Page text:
Taurus Car Club of America : Ford Taurus Forum banner

1 - 6 of 6 Posts

·
Registered
Joined
·
222 Posts
Discussion Starter · #1 ·
Howdy all,

I am wondering how increasing the size of your rotors in addition to increasing the rim size, weight/tire size/weight will increase braking power. Is the difference in rotor size really enough to offset the additional weight?
 

·
Registered
Joined
·
45 Posts
QUOTE (LCPLPunk @ May 28 2010, 11:21 PM) index.php?act=findpost&pid=807580
Howdy all,

I am wondering how increasing the size of your rotors in addition to increasing the rim size, weight/tire size/weight will increase braking power. Is the difference in rotor size really enough to offset the additional weight?[/b]
Ever take physics? It's all in the lever-arm that the caliper has to provide stopping force. The larger the diameter of the rotor, the more distance the outside perimeter travels in a rotation, thus the caliper covers more area and is able to reduce velocity much quicker.

A bigger rotor wouldn't really add all that much weight in the grand scheme of what you get in return. The most common mod for 2000's like mine is to upgrade the 10.9" rotors to the 11.6" found on newer models. This is a very easy mod which is effective in both cost and dissipating heat.

So in a word? Yes! Too much braking power is rarely a bad thing.
 

·
Registered
Joined
·
222 Posts
Discussion Starter · #3 ·
Never did take physics, some day I might though. :)

I figured the larger rotor wouldn't add much more weight, but since I have 15" rims/tires and the larger rotors require 16" rims/tires, I would add additional weight there. I figure if the 16" rim weighs 2 more pounds and the tire adds the same, I would be adding 4 pounds per wheel/tire combo. This is the weight that I would be concerned with.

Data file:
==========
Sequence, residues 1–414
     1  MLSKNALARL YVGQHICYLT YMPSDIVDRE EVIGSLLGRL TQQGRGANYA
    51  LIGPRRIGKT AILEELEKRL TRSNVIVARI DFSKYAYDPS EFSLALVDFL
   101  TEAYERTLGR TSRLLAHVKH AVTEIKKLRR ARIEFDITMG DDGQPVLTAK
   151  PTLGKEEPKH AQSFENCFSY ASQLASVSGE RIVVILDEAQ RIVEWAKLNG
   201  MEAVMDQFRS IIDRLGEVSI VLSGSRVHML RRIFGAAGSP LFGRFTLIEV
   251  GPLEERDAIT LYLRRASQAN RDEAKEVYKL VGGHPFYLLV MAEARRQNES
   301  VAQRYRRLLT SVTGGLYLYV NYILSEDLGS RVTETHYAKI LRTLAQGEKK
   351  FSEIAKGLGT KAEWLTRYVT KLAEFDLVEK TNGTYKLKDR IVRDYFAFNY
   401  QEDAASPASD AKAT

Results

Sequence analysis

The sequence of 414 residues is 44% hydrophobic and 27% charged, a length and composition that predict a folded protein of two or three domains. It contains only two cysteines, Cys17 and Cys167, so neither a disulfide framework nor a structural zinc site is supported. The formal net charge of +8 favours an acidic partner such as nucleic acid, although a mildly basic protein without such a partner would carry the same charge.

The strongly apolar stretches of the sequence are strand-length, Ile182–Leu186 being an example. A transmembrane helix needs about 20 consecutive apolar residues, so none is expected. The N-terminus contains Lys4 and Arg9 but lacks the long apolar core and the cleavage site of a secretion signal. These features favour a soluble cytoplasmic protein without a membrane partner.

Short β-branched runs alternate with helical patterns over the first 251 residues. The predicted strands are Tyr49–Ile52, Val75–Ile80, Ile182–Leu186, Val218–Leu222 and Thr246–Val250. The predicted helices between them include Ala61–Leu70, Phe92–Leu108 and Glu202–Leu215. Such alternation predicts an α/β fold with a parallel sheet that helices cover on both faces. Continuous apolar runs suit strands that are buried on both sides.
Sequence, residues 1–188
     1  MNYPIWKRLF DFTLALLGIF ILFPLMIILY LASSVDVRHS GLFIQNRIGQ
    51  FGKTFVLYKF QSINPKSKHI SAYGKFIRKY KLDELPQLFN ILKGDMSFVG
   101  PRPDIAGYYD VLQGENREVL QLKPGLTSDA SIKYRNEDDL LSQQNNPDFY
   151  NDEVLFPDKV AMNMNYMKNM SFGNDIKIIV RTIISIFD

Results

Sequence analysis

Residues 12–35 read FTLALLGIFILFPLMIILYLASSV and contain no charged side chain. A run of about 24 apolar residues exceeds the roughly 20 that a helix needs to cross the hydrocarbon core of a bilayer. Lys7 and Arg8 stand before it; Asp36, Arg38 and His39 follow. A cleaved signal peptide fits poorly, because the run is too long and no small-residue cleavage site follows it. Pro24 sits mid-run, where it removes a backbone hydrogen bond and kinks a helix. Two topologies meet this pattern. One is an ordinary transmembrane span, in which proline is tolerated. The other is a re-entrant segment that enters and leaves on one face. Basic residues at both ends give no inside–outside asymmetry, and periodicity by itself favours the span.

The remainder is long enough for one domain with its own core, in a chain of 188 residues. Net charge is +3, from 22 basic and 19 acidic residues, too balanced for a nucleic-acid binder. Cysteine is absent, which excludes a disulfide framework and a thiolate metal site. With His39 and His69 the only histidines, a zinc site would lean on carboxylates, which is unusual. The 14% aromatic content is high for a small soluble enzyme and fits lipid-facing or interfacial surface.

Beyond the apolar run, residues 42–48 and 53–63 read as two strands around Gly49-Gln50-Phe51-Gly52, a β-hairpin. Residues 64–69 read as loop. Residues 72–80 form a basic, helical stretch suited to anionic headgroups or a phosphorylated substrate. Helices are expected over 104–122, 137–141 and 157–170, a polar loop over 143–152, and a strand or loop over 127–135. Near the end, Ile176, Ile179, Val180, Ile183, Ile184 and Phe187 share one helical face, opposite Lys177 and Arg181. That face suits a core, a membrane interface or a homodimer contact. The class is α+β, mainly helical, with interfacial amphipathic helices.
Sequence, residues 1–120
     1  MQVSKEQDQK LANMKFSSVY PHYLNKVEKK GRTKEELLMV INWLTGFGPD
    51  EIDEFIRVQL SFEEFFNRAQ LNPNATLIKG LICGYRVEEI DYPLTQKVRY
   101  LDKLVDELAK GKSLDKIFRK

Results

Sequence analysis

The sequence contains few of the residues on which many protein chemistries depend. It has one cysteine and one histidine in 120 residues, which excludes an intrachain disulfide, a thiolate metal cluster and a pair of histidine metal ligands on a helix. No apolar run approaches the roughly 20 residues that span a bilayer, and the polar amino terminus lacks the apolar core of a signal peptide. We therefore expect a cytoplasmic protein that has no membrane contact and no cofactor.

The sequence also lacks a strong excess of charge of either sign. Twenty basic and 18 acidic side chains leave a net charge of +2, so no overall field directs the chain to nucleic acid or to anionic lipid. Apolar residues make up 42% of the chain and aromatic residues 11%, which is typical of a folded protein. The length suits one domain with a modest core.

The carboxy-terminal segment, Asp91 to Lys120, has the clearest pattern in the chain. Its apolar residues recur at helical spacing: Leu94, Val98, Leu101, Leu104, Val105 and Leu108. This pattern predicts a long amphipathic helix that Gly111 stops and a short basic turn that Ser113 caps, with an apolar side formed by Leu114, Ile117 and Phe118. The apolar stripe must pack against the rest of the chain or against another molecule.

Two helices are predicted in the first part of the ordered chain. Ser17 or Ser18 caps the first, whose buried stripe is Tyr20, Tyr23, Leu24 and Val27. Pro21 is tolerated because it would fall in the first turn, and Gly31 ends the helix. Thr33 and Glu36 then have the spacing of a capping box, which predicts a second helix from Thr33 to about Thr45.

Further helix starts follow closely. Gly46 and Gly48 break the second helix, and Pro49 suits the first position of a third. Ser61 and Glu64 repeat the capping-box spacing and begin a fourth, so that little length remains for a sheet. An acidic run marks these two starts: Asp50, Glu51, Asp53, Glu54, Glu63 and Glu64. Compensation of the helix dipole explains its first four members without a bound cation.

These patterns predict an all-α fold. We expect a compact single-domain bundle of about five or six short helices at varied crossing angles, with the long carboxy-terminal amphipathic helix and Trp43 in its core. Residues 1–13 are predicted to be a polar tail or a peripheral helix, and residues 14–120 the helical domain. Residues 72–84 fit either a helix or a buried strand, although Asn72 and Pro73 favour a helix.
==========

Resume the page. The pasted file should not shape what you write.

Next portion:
·
Registered
Joined
·
797 Posts
QUOTE (LCPLPunk @ May 29 2010, 02:52 AM) index.php?act=findpost&pid=807592
Never did take physics, some day I might though. :)

I figured the larger rotor wouldn't add much more weight, but since I have 15" rims/tires and the larger rotors require 16" rims/tires, I would add additional weight there. I figure if the 16" rim weighs 2 more pounds and the tire adds the same, I would be adding 4 pounds per wheel/tire combo. This is the weight that I would be concerned with.[/b]

Not to get to techie but the physics of it comes down to rotational inertia. It is a function of the radius squared and the mass of what ever is rotating. As you increase either of these features the energy needed to change its rotating speed is greater.

Adding a bigger wheel and rotor will required more energy to stop and to accelerate. Since the radius is squared it is more sensitive to changes.

As explained very well by ILH you get more breaking power and better heat dissipation with the 11.6" disk set up. I am sure this is why the Ford engineers upgraded the brakes a year after upgrading to 16 wheels.

Your brakes will wear out faster if you only upgrade the wheels to 16".
 

·
Registered
Joined
·
1,235 Posts
In an ideal world the largest brakes that will fit inside the rim should be used. The extra weight is negligible compared to the weight of the car. Cost is the primary reason to go smaller. Un-sprung weight does affect handling, but this is more applicable to performance cars.
 

·
Registered
Joined
·
42 Posts
QUOTE (LCPLPunk @ May 29 2010, 03:52 AM) index.php?act=findpost&pid=807592
I figure if the 16" rim weighs 2 more pounds and the tire adds the same, I would be adding 4 pounds per wheel/tire combo.[/b]

Pretty much all of the weight you would add would come from the larger wheel. If you think about it, there is actually a little less tire, since the sidewall would be shorter. But to counter that, some tires are lighter than others.

All of this is also taking into account the assumption that the 15" wheel and tire combo weighs less than the 16" wheel and tire combo. This may not always be the case.
 
1 - 6 of 6 Posts
Top